The Gene Siskel Film Center’s European Union Film Festival continues through April 2. My best bet for week two is La Sapienza, a unique French-Italian co-production by American-born director Eugene Green (The Portuguese Nun).
Eugene Green creates a singular filmgoing experience with La Sapienza, the study of a middle-age Swiss architect, Alexandre (Fabrizio Rongione), who rekindles both his professional passion and his marriage while on a trip to Italy to study the work of his hero, the Baroque master Francesco Borromini. Much like Jem Cohen’s Museum Hours, however, the story here is a mere framework in which the director has enfolded a series of art history lessons. Green’s style is definitely not for all tastes. His sense of extreme compositional symmetry and perfectly calibrated camera movements outdo even the likes of Wes Anderson and the de-dramatized dialogue sequences play out according to a predictable but bizarre formal pattern: They begin with master shots, progress to over-the-shoulder reverse angles and, disorientingly, climax with P.O.V. shots in which the characters address both each other and the camera.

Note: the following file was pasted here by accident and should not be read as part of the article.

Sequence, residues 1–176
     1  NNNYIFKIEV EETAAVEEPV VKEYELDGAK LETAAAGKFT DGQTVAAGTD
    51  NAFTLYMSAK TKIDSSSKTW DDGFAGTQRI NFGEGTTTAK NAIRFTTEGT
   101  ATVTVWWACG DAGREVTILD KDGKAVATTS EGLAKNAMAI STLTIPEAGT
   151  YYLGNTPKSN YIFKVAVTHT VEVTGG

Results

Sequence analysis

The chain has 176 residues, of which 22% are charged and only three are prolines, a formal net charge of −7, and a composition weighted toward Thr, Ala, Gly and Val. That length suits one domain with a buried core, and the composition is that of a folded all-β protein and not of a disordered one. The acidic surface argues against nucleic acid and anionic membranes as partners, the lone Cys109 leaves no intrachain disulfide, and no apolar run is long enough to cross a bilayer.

His rigorous approach to style creates a fascinating tension that is only relieved in the transcendental final scene, where the clichéd image of a kiss is re-infused with an awesome sense of mystery, romance and power. In other words, you may feel as though you are watching a screen kiss for the very first time.
You can check out the complete European Union Film Festival line-up (as well as find ticket info and showtimes) at the center's website.